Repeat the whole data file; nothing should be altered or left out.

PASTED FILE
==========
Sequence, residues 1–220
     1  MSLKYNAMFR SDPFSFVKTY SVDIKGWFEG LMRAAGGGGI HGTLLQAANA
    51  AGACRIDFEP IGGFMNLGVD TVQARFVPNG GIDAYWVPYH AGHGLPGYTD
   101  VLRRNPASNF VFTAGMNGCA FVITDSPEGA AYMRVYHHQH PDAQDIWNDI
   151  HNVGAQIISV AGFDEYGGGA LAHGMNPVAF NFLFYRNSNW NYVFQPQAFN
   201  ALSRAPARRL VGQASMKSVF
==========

Sequence, residues 1–220
     1  MSLKYNAMFR SDPFSFVKTY SVDIKGWFEG LMRAAGGGGI HGTLLQAANA
    51  AGACRIDFEP IGGFMNLGVD TVQARFVPNG GIDAYWVPYH AGHGLPGYTD
   101  VLRRNPASNF VFTAGMNGCA FVITDSPEGA AYMRVYHHQH PDAQDIWNDI
   151  HNVGAQIISV AGFDEYGGGA LAHGMNPVAF NFLFYRNSNW NYVFQPQAFN
   201  ALSRAPARRL VGQASMKSVF